A Critique on Miftah Ismail’s Economic Policies


Miftah Ismail, the former Finance Minister of Pakistan, was once touted as the savior of the country’s economy. In recent months, Miftah Ismail has garnered significant attention through his frequent public appearances, including participation in numerous podcasts and published opinion pieces in Pakistani newspapers. While he has been widely discussed, it is important to examine his actual plans and proposed policies. A closer examination of this so-called savior and his policies and beliefs reveals that he is a staunch supporter of neo-liberal economic principles, which primarily benefit the business elite rather than the general public. This critique will examine the key elements of Miftah Ismail’s economic policies, and why they are not a solution for the ongoing economic crisis in Pakistan.

Economic Background:

Pakistan is facing an economic crisis that has led to rising inflation, a growing trade deficit, and an increasing number of manufacturing companies shutting down. Miftah Ismail’s background as a former IMF employee and a successful industrialist plays a crucial role in shaping his economic policies. The IMF has long been associated with implementing neo-liberal economic principles, which prioritize market efficiency and free trade over social welfare. As a successful industrialist, Miftah Ismail’s policies are likely to be biased towards the interests of the business elite.

Miftah comes from an industrialist family. He was appointed as finance minister in June 2018, when the inflation rate in Pakistan was 13.4%. However, within a month, the inflation rate jumped to 21.32% and by August it had reached an all-time high of 27.26%. After Miftah Ismail’s removal as finance minister, Ishaq Dar was appointed in his place and the inflation rate improved slightly. It was predicted that Miftah Ismail and Ishaq Dar will be working hand in hand in reviving the country’s economy but Miftah was upset with Dar’s Policies and was unhappy about his being replaced as the Finance Minister.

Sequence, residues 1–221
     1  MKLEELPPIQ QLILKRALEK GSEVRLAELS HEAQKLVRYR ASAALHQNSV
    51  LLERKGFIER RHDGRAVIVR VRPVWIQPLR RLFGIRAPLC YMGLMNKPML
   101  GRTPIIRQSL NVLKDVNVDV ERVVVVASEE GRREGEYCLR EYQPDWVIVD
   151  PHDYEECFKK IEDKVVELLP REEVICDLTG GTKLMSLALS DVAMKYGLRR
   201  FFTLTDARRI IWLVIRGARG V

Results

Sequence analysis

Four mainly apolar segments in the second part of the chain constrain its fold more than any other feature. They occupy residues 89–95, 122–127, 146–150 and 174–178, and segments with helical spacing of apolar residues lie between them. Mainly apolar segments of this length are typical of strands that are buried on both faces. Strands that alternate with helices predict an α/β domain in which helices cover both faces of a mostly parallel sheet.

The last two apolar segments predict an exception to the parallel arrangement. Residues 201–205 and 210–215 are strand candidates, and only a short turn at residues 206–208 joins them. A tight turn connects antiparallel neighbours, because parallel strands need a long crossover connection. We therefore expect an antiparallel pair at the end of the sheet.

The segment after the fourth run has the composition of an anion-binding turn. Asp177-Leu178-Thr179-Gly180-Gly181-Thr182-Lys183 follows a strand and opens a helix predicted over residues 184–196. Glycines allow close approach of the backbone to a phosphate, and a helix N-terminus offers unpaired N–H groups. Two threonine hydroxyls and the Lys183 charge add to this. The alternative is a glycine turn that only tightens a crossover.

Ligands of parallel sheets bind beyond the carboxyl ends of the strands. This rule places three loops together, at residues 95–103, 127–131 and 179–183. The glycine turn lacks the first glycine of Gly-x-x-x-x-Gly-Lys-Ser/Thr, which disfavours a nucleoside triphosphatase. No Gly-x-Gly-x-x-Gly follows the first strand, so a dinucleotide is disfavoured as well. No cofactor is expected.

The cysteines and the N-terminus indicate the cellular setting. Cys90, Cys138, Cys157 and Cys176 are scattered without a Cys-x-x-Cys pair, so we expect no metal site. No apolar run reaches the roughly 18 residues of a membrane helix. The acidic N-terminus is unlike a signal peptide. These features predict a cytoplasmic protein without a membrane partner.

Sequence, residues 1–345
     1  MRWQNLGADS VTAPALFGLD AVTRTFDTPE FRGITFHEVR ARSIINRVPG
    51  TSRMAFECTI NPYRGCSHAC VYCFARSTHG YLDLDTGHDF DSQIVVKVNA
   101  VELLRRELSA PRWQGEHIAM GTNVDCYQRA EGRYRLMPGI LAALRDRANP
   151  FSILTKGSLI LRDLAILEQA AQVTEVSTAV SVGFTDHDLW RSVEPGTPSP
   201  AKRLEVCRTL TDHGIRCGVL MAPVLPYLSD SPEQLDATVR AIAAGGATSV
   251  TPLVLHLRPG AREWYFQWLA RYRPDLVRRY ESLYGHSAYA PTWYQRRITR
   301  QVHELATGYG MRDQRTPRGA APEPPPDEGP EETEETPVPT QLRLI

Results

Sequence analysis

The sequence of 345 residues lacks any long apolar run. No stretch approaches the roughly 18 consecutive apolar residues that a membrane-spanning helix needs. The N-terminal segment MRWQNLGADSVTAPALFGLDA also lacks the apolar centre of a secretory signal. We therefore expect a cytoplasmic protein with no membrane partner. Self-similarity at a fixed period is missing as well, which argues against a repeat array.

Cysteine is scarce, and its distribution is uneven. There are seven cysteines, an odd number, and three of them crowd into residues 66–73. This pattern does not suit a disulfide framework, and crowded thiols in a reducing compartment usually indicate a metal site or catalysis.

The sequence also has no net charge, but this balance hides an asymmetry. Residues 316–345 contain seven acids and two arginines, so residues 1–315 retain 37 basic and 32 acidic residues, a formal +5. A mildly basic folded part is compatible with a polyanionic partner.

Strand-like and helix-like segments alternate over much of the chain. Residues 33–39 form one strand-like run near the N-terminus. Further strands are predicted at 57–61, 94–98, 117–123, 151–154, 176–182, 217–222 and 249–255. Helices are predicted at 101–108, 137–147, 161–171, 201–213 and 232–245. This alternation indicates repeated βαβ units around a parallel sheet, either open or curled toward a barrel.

Miftah Ismail’s Economic Policies:

The neo-liberal tout Ismail who once said that anyone who buys PIA will get Pakistan Steel Mill for free has had a policy shift himself. However, he has recently been talking about “Reimaging Pakistan” and advocating for economic and political reforms. He is now speaking out against dynastic politics in Pakistan and has criticized the Pakistan Muslim League-Nawaz (PML-N), which has caused him to lose popularity within the party. It is speculated that Miftah Ismail will soon launch his own political party. His new slogan of ‘Reimagining Pakistan’ is reminiscent of the Naya Pakistan of Imran Khan. Miftah Ismail’s Policies will be focusing on Exports and controlling the Trade Deficit and CAD.  

Focus on Exports and Privatisation: